Results 1-10of 15 Reviews
April 12, 2005
Leaving the busy Hong Kong Terminal behind us, we were soon to enjoy a multiplicity of sights. On our left were the high-rise buildings of modern banking Hong Kong, and the livelier Kowloon quarter was on the right, but keep a close eye on the changing landscape of Hong Kong Island as the ferry powers its way towards Lamma. Buildings hug the shoreline, and the swish, ultra-modern landscape is replaced by less impressive high-rise buildings, and then older multi-storey apartments. Soon we were observing the more tired buildings of Hong Kong Island, then apartment blocks that would be dwarfed by the mighty buildings of Central Hong Kong. But hang onto the final glimpse of the island, as it is there that we spotted a few individual low-level residences clinging precariously to the craggy extremities of the island (expensive, I’m sure, but an amazing contrast to the rest of this side of the island).
At about this time, we spot the dominating towers on Lamma Island – the source of Hong Kong’s power. But there’s still a great deal of interest as the ferry makes its way to the second-largest of the outlying islands. The waterway is full of activity: ferries, fishing vessels, offshore container storage vessels (said to be Hong Kong’s way of protecting its buildings for any cargoes that may be the remotest of fire risks), barges, speedboats, and small private boats. Not a minute passed without a significant change to the waterway. To the rear of the ferry, I’m transfixed by the wake our vessel is creating – strange what can fascinate a traveller!
We take a sharp right, then the whole of Lamma comes into view. Surprisingly, the electricity towers seem to give an air of mystery and majesty to the island, and it soon becomes evident that the island, despite its industrialisation, is a stark contrast to the bustle of Kowllon and Hong Kong. The waterway becomes less busy, and we are now seeing many more small boats – local fishermen, we presume – as we approach Lamma’s jetty. To the left are small stilted wooden houses; to the right, Lamma’s main street and two-storey buildings; and on the top of the hill, across a small bay, Lamma’s power-creation towers. What a difference from the busy harbour we left behind 40 minutes ago!
From journal A Day Trip to Lamma Island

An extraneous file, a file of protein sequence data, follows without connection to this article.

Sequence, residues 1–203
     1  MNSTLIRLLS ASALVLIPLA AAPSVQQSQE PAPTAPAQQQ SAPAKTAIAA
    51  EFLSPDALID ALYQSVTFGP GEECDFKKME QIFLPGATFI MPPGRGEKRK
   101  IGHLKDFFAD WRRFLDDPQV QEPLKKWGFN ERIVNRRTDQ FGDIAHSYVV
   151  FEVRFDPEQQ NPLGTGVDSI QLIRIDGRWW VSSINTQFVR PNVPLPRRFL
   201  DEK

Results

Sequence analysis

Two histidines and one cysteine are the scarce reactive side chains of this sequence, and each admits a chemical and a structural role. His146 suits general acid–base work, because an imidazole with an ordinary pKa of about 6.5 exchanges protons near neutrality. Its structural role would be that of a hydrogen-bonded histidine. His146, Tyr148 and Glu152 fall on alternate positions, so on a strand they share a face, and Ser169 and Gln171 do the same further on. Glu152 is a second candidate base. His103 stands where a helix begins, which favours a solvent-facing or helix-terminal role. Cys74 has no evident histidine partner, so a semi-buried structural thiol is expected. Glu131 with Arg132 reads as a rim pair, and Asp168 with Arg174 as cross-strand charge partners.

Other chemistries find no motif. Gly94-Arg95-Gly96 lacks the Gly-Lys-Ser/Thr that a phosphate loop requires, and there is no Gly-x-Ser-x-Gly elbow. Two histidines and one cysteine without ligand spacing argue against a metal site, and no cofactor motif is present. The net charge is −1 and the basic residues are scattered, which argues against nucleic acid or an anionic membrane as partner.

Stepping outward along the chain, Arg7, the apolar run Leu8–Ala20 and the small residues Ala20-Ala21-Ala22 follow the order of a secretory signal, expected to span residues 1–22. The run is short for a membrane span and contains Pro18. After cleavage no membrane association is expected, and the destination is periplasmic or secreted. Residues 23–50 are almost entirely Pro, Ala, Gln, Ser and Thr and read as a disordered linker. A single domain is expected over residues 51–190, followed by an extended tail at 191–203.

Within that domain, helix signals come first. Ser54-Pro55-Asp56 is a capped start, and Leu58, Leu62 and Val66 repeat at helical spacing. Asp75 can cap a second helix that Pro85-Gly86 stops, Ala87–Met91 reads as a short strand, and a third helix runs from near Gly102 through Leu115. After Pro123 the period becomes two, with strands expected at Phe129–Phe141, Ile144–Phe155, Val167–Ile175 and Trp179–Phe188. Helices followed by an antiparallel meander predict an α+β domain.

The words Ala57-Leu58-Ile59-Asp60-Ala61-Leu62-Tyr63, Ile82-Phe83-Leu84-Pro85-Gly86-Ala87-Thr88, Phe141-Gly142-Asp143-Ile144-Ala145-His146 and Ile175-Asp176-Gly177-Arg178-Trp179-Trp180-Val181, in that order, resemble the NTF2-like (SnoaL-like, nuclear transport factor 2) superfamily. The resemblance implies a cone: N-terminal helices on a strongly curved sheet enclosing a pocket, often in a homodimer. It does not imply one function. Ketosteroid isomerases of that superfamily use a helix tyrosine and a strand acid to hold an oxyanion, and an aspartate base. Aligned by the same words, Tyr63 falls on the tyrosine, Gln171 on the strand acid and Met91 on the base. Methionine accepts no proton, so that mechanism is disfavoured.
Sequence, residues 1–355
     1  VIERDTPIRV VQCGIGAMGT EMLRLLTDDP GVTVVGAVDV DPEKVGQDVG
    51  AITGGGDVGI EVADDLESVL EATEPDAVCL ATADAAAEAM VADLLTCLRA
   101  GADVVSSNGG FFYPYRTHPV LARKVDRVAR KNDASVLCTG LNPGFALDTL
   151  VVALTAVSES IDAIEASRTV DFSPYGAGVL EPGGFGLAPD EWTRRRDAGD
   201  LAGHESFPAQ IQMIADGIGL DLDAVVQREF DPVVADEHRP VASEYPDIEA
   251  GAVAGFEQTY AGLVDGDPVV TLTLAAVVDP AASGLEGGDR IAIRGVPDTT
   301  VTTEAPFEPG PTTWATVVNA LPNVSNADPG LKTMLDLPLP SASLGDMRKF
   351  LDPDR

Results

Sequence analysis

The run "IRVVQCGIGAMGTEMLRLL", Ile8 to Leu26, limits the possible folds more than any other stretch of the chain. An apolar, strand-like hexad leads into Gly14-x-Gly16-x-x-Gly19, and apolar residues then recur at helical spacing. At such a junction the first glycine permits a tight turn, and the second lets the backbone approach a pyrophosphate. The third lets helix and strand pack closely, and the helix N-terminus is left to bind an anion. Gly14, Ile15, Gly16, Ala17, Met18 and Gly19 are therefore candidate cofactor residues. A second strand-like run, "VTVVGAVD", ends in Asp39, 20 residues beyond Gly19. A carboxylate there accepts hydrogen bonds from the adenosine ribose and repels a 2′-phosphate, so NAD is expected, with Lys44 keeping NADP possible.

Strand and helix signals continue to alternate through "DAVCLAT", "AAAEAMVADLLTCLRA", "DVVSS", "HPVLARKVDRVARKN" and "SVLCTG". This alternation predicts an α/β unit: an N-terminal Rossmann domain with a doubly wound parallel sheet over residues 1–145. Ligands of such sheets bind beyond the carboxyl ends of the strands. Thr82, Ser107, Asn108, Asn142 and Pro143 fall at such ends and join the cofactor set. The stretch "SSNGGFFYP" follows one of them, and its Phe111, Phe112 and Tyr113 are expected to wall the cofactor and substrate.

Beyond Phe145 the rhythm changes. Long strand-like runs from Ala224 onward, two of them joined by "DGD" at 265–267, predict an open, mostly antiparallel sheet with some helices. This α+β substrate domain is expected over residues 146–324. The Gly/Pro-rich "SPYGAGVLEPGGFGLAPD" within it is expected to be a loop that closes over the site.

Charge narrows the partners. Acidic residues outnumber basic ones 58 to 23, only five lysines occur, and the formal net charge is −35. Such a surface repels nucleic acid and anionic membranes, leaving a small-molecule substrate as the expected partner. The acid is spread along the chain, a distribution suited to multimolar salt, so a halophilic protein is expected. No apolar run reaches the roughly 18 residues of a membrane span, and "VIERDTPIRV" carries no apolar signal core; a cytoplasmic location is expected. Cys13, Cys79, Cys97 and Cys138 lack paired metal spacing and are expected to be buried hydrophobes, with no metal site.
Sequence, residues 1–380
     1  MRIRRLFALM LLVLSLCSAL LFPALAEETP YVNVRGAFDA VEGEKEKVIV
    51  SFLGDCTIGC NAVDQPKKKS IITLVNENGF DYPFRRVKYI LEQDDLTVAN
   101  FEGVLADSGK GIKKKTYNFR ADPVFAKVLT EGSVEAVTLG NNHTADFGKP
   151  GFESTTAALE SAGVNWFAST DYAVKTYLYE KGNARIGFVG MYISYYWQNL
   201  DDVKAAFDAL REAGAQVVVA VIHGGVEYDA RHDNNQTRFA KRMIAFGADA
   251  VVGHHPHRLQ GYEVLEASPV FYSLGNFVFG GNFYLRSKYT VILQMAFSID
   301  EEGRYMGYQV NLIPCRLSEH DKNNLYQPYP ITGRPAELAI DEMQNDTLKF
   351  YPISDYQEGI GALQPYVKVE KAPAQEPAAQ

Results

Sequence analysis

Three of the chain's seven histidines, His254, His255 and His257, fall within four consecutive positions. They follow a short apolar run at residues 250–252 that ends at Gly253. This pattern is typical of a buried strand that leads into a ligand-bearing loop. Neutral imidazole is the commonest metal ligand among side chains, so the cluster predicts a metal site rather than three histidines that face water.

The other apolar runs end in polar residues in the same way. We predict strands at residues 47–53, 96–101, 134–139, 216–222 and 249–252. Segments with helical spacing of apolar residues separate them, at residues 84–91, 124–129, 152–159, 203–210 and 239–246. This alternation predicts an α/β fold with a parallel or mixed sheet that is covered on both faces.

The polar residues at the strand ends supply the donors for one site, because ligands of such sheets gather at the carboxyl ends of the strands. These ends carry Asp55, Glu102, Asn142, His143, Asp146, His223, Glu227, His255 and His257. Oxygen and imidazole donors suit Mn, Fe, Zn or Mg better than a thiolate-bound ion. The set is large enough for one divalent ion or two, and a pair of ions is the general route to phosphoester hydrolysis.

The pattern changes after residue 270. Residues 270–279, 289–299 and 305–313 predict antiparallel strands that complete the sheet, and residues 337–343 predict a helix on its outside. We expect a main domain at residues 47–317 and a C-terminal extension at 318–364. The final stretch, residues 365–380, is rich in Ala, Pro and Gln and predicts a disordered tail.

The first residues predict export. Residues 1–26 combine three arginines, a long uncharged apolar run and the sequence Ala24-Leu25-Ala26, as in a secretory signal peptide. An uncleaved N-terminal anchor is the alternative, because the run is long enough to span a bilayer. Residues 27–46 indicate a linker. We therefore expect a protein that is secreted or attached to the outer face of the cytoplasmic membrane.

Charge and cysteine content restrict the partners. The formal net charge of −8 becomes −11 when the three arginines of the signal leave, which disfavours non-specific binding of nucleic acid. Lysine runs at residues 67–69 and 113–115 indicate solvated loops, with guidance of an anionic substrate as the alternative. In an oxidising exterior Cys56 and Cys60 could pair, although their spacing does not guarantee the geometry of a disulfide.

July 5, 2001
From journal China: Hong Kong - Lantau
July 1, 2001
The ferry ride to Lamma was a pleasant trip lasting just over a half hour each way. The windows were thick and dirty, sometimes making it difficult to see the passing scenery. But since I made it on board just as the sun was coming up over Hong Kong Island I was treated to a bright warm orange sunrise on the water. My early morning departure also meant, however, that we had to face some choppy water. The ride cost only 10 Hong Kong dollars, just over $1 each way.
From journal China: Hong Kong - Lamma
Scarborough, England, United Kingdom
October 2, 2012
From journal A trip to the Orient
Manhattan County, New York
August 17, 2010
From journal Getting around in Hong Kong
by Doug Q
Derby, United Kingdom
February 15, 2003
Upper deck costs HK$1.70 for the privilege. Avoid rush hour as the locals use it in droves.
The boats may have been built in 1947, but they are still going strong.
Identified by their white upper decks and green lower decks and hull, the ferries ply the harbour every twenty minutes.
The view of Hong kong Island becomes more impressive the closer you get to Kowloon.
From journal Hong Kong - I must see...
Birmingham, United Kingdom
June 18, 2003
This service is obviously not as convienient as the MTR (subway) but it is a lot prettier. As soon as you get within a few hundred metres of the Ferry Terminal, you will see signs directing you to it. Ferries go from Kowloon to all places over Hong Kong, but the signs at the ferry port are clear and written in Cantonese and English.
Walking down to the ferry reminded me of a cattle run. Once you have chosen your destination and entered through the correct gate, you can only go one way, so there is no fear of getting lost.
For the Star Ferry trip between Hong Kong Island and Kowloon, you must also choose the upper or lower deck before you go through the departure gates, as there are different gates for each deck. The lower deck is cheaper but wet (close to the water) and the upper deck is a few pence more but glass covered and dry.
The trip is over in just a few minutes so don't hang about if you want to take photos. I regret that I didn't take the Star Ferry at night. The view is supposed to be amazing. I guess it gives me an excuse to visit Hong Kong again.
From journal A week in Hong Kong
by Liken D Sun
January 2, 2003
From journal Hong Kong Beauty straight up!
Warwick, United Kingdom
August 27, 2002
The ride is relaxing whatever time of day you take it and has to be done at least once to 'complete your HK experience'.
From journal A short stopover in Hong Kong
Northern Va Suburbs of DC, Virginia
November 4, 2000
From journal Secrets of Hong Kong